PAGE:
Not everyone is a good candidate for working at home.
I’ve been working from home for nearly 11 years. I know how lucky I am to have this luxury. I save on automobile and transportation expense, and my work clothes are usually T-shirts and yoga pants. OK … I often start the day working in my PJs.
I get two breaks in addition to a one-hour lunch break. I can toss in a load of laundry while I’m on break and even do a quick grocery run on my lunch break if needed; although, I try to use my lunch break to actually eat lunch and relax.
I’m not concerned with human interaction because I’m an introvert. I get a lot more work done with no one around. I do have a “virtual office” by way of Slack. Also, everyone is just a phone call away.
My desk has been in a few different places in my house.
I started working in a corner of my bedroom. Then I had my girls share a bedroom so I could use one of the rooms for my office. When one of my sons moved out, I moved my office into his old bedroom in the basement. Many years earlier, this room was a craft space/playroom.
I’ve rearranged the furniture in this office several times and am pretty much stuck with the way it’s currently arranged since the futon is now opened as a bed for a long-term house guest, who wakes up and moves when I come in to start working in the morning (a story for another post). It’s killing me inside because I love to rearrange things periodically. It just feels good!
Distractions are too much for some people who work from home.
It’s best to have a separate space where you can close the door for some privacy. Due to the above-mentioned long-term house guest, this has changed a bit. It’s still my office first and foremost because this is where I earn the money, but it’s no longer my own personal, private space.
My dogs know I’m in the house during the day so they’re sometimes a distraction. My husband has a gaming computer set up in the basement just outside my office door. When he comes home from work before I’m off the clock, he sometimes gets a little loud. Earbuds are great at that time of day! The majority of my day is fairly quiet, though.
Not all home offices have a professional appearance.
The company I work for switched from telephone conference lines to video conferencing. This has become a challenge due to the unprofessional appearance of my office space. I had to rearrange my desk so I can open my laptop and use the camera. My laptop was always attached to a docking station tucked away while I used two larger monitors. However … I have to angle it to avoid background views of the ugly ductwork in this poorly-built room (previous homeowners built the room).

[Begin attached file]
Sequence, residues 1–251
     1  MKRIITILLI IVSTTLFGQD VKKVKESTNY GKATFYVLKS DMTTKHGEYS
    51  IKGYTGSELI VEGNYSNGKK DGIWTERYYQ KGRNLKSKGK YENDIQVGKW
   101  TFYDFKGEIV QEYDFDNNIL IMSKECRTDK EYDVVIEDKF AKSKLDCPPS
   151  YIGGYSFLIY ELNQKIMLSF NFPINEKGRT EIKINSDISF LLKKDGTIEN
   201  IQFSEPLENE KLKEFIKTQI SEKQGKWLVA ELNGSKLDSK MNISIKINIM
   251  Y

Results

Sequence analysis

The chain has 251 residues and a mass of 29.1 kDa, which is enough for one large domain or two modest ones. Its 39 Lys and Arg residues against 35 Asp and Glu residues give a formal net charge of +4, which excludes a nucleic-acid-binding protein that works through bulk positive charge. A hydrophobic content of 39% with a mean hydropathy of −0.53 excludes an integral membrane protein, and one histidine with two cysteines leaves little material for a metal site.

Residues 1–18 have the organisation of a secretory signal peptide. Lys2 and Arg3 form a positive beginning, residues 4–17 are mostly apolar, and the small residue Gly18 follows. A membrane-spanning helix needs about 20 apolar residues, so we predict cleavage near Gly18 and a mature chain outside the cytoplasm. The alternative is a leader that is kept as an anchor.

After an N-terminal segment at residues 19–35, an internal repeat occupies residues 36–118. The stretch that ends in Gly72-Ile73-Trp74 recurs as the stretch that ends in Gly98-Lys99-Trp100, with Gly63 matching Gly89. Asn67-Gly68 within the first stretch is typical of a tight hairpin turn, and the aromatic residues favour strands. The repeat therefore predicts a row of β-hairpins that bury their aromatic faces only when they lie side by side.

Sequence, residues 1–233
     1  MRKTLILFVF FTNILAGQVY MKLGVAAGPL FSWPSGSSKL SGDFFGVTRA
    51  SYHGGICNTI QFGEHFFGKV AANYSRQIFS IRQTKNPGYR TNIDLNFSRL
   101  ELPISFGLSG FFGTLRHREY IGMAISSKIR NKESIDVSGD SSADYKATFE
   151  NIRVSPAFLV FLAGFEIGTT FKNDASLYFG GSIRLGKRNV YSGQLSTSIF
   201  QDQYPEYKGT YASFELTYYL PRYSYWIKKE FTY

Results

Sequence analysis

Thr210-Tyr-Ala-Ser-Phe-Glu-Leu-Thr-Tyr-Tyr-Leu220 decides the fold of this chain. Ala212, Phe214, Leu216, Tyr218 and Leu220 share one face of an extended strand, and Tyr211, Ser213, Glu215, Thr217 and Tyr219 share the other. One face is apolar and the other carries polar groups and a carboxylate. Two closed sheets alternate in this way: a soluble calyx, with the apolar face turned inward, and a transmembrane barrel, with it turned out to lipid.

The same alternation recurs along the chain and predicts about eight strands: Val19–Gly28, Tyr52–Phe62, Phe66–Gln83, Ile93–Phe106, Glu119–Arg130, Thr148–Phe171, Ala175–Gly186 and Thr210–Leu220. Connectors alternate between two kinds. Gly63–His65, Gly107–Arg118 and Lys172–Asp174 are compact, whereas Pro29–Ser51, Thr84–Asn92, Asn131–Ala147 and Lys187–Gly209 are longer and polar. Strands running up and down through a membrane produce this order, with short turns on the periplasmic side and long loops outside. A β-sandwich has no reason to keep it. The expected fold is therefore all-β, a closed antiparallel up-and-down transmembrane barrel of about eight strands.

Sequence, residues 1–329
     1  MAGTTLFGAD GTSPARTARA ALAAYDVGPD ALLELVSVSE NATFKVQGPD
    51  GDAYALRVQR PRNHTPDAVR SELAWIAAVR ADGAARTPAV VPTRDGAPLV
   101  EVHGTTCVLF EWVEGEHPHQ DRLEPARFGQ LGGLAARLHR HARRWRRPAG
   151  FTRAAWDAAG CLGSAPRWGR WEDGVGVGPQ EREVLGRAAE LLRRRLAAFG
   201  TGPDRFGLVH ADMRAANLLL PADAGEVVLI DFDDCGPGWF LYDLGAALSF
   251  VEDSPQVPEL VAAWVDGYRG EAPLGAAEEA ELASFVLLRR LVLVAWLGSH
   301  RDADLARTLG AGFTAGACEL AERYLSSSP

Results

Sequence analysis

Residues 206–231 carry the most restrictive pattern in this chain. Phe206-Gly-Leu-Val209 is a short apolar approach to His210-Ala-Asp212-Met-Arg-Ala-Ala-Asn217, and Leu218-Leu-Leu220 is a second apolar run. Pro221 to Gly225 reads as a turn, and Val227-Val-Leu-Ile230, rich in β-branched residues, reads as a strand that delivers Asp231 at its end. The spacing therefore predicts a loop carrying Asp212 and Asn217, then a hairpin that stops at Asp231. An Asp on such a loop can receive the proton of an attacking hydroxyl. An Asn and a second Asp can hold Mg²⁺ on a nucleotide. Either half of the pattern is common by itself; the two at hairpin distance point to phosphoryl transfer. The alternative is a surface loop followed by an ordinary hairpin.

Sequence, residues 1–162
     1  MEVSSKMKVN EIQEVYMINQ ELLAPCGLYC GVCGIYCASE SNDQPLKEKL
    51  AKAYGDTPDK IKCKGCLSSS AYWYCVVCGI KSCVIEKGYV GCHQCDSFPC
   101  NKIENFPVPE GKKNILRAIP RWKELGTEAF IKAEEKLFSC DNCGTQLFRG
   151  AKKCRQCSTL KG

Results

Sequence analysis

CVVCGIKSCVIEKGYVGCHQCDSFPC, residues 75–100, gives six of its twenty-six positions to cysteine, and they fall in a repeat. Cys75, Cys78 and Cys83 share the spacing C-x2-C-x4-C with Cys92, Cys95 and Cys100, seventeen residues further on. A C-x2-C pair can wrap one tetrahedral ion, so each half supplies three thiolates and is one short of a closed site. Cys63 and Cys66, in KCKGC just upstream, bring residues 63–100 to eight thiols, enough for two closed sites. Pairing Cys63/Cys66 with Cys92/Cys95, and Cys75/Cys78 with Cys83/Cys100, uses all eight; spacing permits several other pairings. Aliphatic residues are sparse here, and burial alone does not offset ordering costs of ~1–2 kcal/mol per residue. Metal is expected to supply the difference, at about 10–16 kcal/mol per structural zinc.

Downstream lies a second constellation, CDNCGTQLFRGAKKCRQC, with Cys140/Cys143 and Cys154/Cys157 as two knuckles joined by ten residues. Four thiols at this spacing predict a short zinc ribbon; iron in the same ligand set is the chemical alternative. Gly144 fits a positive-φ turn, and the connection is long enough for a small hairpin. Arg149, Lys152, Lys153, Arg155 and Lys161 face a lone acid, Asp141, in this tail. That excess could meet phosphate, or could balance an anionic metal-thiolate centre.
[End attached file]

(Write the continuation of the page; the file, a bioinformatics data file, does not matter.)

If I rearrange all of my monitors (personal and work) on my desk space the way I have it pictured in my head, I’ll still have to angle the laptop so people won’t see said house guest’s posters of pop stars and superheroes on the wall behind me. No, I don’t worship Ariana Grande, Katy Perry, and Spiderman so that wall does not represent me at all.
Where to find work-from-home opportunities…
It’s hard to say. I was fortunate to find the job I have, which originated as a home-based business. It has since been purchased by a larger company, which was then purchased by an even larger company (travel & accommodation industry). The original employees were grandfathered in as a work-from-home staff. However, as each WFH employee leaves the company, the positions are backfilled at the home office in Austin only. So I’m sorry, but I can’t get you in on this deal!
I think it’s very hard to find a solid WFH position that isn’t part of a multi-level deal requiring sales of high-priced products. I think more companies are starting to offer the flexibility to work from home at least part of the time. It’s better than being chained to a desk in a corporate office 40+ hours per week and commuting every day.
I am fully aware of how fortunate I am to have the job I have, and I appreciate it very much!